Q. When did the outreach service launch?
“St Basils Outreach service went live on 1st October last year, which is also St Basils birthday, launching with the name ‘Young People’s Navigation Service’. “Up until then St Basils didn’t have any sort of outreach service” explains the team leader “but we came to realise there were groups of young people out on the streets that could’ve accessed help but wouldn’t come down to see us at the Youth Hub in Digbeth. We didn’t know whether that was because of issues such as lack of trust in services or if they just didn’t quite understand where to go, so when we found out about this funding, we leapt at the chance to take our Youth hub offer out to those on the street across Birmingham”.
Q. What does the Outreach team do?
“At first the team was made up of 2 outreach navigators, funded through Birmingham City Council and Birmingham Children’s Trust, as part of the government’s rough sleeper’s initiative. The idea was that they would pick up young people on the streets, get them into temporary accommodation, support them to claim benefits, help them get their ID and open a bank account, link them in with any local services, then step away.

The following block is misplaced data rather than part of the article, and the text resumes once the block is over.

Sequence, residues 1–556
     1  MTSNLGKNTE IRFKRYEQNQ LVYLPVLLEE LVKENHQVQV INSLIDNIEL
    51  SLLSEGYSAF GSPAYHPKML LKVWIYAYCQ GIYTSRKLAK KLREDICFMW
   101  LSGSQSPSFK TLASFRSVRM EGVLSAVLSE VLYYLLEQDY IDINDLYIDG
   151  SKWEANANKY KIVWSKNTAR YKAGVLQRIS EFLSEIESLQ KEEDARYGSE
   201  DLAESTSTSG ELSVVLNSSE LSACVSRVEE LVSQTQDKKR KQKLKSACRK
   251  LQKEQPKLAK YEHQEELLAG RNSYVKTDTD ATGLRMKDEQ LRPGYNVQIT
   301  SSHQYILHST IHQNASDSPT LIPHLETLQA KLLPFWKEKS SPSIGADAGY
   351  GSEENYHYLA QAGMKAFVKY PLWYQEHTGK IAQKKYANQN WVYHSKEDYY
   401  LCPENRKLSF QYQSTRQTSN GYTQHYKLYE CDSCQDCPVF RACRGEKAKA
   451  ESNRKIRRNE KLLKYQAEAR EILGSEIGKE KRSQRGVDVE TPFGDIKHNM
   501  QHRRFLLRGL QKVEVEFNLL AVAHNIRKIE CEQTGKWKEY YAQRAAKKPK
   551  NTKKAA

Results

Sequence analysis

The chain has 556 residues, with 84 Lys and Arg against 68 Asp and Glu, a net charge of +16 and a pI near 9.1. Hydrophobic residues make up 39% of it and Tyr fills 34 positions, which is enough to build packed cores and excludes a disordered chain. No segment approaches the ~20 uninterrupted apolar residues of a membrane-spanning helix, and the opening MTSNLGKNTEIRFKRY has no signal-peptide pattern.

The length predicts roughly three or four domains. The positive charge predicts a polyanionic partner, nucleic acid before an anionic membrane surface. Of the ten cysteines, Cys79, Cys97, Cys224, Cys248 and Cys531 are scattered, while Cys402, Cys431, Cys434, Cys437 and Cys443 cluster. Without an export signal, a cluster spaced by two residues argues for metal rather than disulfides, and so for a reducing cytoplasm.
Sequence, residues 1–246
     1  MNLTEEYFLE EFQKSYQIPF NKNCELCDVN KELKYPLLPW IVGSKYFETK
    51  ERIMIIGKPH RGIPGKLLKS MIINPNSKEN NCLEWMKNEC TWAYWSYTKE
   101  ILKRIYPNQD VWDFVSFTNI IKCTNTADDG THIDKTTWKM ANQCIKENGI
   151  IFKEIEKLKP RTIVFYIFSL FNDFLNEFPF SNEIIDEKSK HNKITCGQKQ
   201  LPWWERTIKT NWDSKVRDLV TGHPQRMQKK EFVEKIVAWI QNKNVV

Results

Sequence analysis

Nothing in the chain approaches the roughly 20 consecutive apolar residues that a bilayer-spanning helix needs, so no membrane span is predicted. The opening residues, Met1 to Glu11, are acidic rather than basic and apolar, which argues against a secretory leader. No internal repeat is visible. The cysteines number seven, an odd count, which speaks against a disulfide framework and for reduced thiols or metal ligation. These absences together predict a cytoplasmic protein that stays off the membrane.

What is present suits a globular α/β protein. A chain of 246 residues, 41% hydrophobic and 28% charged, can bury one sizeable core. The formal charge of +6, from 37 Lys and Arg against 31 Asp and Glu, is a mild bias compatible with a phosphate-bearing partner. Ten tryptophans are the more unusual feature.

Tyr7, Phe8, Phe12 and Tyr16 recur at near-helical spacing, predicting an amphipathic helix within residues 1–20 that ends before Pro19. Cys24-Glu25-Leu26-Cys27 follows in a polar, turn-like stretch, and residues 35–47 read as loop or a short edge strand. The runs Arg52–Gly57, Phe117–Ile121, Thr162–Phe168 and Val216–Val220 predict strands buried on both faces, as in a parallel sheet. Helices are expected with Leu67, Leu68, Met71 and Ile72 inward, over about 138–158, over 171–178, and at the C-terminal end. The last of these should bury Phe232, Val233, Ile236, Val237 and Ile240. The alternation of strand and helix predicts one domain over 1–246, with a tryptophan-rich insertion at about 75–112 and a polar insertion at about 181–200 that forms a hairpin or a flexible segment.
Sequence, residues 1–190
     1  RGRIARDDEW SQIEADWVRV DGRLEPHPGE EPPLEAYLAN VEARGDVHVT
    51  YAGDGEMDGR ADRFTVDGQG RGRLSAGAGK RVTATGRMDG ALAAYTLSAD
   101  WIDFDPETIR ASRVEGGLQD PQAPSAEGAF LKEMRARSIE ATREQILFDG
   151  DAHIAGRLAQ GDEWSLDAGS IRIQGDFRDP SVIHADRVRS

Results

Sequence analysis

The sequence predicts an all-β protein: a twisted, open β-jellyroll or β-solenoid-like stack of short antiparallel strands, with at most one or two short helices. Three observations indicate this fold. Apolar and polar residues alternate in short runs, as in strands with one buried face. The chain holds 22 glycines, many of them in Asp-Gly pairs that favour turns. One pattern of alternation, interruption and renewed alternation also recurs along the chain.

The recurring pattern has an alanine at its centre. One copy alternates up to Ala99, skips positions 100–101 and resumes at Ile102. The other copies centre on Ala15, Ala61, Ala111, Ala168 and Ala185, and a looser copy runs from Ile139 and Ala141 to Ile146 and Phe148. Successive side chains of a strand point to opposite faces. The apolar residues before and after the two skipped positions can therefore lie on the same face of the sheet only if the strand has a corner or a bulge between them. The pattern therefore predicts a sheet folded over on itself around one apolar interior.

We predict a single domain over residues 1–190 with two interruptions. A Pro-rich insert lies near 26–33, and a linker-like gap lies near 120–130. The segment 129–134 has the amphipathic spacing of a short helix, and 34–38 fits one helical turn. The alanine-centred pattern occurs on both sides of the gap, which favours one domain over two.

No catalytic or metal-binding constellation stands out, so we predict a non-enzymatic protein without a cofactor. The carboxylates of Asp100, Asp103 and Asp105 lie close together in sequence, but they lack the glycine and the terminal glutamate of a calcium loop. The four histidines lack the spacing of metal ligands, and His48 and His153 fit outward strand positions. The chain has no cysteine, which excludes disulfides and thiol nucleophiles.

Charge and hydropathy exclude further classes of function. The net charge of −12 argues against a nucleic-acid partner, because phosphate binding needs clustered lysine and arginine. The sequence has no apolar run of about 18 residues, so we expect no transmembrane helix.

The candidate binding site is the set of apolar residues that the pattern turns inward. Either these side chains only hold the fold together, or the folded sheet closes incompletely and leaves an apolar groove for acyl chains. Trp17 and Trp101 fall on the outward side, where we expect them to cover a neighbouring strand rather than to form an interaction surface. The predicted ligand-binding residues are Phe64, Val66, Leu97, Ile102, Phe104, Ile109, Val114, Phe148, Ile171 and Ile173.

We have been able to do that with young people who don’t have any support needs and can manage a tenancy on their own. There are also some young people that we meet on the streets who are quite happy to come to the Youth Hub but just didn’t know about us, so then it’s just a case of bringing them down to the Youth Hub, introducing them to staff and explaining what’s going to happen as it is quite a long process. We’ll make sure they’ve got a drink, perhaps accompany them to get their ID but otherwise we can hand them over to Youth Hub staff and step away, but these are the minority.